It is a heartwarming read that I didn’t want to put down. It’s truly amazing how well Buddy has done, all thanks to Nicola’s love, care and hard work – it’s as if he’s a different dog. The book has photos taken throughout their lives together, including a heart-breaking photo of Buddy the day Nicola rescued him, but looking at the pictures of him now, and seeing how far he’s come, brings a tear to the eye.
As we know, Staffies get a lot of bad press. Nicola explains that she was keen to show what a fantastic breed they are, even after they have been abused so horrifically, as Buddy was. Nicola has taken Buddy to Discover Dogs at Crufts so that people could meet him and see just how wonderful he is. He also has his own Facebook page with over 26,000 fans, which I’m sure will grow significantly after the release of this book.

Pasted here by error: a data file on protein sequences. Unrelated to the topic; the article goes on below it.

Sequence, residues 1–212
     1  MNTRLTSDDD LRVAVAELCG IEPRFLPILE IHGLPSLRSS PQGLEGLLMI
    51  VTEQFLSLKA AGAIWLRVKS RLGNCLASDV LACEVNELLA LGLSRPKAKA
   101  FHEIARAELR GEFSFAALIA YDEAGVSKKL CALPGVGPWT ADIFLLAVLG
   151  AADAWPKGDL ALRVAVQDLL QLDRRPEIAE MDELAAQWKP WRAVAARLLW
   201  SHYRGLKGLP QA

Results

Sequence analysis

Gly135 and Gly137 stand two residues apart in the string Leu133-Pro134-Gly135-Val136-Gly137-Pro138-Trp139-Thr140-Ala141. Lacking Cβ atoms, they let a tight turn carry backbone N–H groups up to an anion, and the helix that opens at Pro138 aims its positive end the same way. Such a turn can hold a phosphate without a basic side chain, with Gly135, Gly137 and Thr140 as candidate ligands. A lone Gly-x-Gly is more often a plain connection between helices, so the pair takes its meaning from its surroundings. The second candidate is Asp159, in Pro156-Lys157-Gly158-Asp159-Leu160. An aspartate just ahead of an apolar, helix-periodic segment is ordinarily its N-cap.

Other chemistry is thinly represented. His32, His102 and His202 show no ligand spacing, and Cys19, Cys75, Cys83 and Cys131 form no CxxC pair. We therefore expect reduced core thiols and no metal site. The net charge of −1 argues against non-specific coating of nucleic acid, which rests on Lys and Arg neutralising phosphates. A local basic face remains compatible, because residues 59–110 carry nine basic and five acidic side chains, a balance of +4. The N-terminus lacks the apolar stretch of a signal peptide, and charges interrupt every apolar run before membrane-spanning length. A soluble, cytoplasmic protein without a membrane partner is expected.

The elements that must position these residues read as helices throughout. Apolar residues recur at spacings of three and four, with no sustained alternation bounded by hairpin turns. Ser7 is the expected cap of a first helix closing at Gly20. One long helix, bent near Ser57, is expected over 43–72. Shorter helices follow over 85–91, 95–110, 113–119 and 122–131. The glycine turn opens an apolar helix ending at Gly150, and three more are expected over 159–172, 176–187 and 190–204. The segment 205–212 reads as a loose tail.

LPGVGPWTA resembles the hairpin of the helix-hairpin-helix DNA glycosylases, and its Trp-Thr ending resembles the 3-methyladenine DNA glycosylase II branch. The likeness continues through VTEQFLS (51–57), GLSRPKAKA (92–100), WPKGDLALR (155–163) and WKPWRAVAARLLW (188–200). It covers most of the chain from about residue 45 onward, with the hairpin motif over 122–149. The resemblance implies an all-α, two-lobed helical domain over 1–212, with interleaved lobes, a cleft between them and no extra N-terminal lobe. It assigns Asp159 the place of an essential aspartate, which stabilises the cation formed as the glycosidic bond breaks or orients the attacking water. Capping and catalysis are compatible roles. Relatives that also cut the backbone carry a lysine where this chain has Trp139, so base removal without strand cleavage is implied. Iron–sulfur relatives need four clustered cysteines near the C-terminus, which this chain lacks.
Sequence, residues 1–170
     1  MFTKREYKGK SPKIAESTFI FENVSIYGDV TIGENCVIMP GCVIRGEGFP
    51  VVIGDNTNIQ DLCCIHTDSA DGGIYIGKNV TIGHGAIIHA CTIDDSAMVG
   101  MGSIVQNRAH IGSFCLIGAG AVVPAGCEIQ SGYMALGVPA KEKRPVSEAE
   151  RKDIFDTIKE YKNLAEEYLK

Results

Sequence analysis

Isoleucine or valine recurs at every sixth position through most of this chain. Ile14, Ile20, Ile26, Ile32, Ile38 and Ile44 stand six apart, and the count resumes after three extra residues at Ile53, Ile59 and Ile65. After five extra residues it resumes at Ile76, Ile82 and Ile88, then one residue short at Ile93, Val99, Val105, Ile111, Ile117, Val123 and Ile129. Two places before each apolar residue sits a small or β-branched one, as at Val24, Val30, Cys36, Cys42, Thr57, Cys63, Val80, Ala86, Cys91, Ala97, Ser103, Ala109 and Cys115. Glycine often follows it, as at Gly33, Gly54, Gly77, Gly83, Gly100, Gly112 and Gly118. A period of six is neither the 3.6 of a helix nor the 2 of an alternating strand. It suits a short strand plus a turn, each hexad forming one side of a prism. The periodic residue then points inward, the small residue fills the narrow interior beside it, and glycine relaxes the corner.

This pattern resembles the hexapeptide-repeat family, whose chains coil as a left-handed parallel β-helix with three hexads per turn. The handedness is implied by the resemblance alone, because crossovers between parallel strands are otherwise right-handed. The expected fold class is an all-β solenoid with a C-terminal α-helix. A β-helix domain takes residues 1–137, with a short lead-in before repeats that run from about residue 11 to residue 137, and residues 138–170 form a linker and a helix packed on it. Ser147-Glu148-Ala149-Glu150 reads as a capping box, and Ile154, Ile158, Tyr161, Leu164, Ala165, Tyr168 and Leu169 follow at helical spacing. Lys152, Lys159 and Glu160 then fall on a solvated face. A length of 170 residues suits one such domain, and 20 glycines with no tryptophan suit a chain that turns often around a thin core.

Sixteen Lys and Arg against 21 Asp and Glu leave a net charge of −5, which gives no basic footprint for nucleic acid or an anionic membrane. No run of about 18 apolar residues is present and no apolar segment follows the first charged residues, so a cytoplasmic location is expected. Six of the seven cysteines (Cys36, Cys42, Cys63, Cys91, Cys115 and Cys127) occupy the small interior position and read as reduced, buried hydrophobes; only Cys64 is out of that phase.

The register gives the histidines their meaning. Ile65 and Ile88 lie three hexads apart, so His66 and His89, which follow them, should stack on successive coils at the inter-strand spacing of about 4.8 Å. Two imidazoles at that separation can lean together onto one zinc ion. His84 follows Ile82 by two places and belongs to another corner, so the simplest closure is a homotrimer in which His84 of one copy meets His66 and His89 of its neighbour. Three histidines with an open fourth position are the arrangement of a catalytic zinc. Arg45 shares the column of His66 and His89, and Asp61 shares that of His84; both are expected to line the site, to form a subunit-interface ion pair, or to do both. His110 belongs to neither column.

I enjoyed this book so much and thoroughly recommend it. It was so lovely to see the change in Buddy and what a happy dog he has become. I’ve now liked Buddy’s Facebook page myself and look forward to reading future updates about him. Thank you, Nicola, for saving him and giving him the life he deserves.
Rory the Rescue Dog: The Rescue Dog Who Became the Rescuer
Reviewed by Megan Harding
Rory the Rescue Dog is based on the true adventures of author Paula Towers and her two rescue dogs, Rory and Laddie.
Paula not only wanted to write an entertaining children’s book but also to raise awareness of the creatures around us and the plight of those condemned by human beings. You can read it as a stand-alone story book or, if you head to the website www.rorytherescuedog.co.uk, you can download the backing music for a more theatrical experience.
Each chapter follows a different story from Rory’s life, from the day they met and became a family to the day Rory saved Paula from drowning. Each chapter ends with a song to listen to or play – music is available as an MP3 and sheet music available as PDF. Paula wrote the original music to accompany some of these songs so people could sing or play along.
A percentage of each sale is being donated to Cheltenham Animal Shelter, who handles the rehoming of both Rory and Laddie.